The information is based on science, including physics as the symbols used as strokes in the art represent the strings, which are the essential strokes or pre-matter of the physical universe.
The essential energy of the universe is also believed to be the very Words of The Creator who spoke the universe into existence,. This basic theology is held by all branches and denominations of Christians and Jews, and it is mentioned in the Koran.
The Abrahamic religions all agree that the words were spoken in Hebrew as it is symbolized in what is known as Torah font. This unique font is binary, alpha-numeric and phonic. It is the only font in any language in the world that is binary, alpha-numeric and phonic for any language in the world.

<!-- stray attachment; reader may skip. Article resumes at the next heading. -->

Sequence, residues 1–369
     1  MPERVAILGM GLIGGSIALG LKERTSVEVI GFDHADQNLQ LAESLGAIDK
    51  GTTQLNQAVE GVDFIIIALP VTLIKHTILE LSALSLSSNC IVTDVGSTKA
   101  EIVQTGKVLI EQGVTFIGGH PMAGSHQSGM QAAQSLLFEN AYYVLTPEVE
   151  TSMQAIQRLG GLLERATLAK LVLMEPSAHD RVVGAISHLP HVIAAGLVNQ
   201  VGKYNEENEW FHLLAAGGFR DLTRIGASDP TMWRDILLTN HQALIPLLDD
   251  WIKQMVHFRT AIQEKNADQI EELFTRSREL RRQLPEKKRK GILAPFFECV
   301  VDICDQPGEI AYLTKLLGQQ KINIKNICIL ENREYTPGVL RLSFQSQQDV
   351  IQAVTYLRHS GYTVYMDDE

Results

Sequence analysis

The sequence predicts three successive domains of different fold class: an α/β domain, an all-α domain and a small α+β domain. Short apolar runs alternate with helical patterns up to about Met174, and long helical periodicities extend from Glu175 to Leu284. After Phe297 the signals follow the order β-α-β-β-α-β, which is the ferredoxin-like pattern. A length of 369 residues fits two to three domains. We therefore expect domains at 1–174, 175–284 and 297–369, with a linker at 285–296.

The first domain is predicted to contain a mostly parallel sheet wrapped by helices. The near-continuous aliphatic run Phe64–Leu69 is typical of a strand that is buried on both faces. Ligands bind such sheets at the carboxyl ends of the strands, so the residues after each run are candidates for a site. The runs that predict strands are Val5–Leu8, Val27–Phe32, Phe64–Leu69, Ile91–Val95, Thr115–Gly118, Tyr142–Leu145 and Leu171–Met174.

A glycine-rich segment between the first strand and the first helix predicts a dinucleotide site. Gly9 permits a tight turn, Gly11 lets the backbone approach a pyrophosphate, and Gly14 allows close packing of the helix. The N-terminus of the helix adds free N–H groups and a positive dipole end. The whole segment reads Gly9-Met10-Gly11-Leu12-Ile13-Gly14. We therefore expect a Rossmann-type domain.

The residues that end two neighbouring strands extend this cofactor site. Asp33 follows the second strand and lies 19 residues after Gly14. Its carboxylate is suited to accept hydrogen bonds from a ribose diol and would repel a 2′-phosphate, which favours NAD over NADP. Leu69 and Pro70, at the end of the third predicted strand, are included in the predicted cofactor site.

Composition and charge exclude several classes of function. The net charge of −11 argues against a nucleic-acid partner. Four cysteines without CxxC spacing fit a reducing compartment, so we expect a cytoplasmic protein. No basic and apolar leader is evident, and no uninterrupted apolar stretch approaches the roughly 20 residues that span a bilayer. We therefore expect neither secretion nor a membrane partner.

That the Torah font is phonic means it also references important concepts in most of the worlds spiritual or religious paths, such has good/evil, holy/profane and yin/yang.
People find seeing the energies inspirational and uplifting. There seem to be more potential and possibilities for a life filled with abundance and meaning. The world seems less solid, and more light.
Come and see for yourself at the Art of Seeing The Divine; http://www.artofseeingthedivine.com
Come and see at www.artofseeingthedivine.com
Saturday, September 27, 2008
Not necessarily an original – since personally, I'd take a good reproduction of a van Gogh, Rembrandt, Monet, etc., over some of the “originals” I have seen recently in various galleries.
By original, I mean that the artist's vision is unique and inspiring.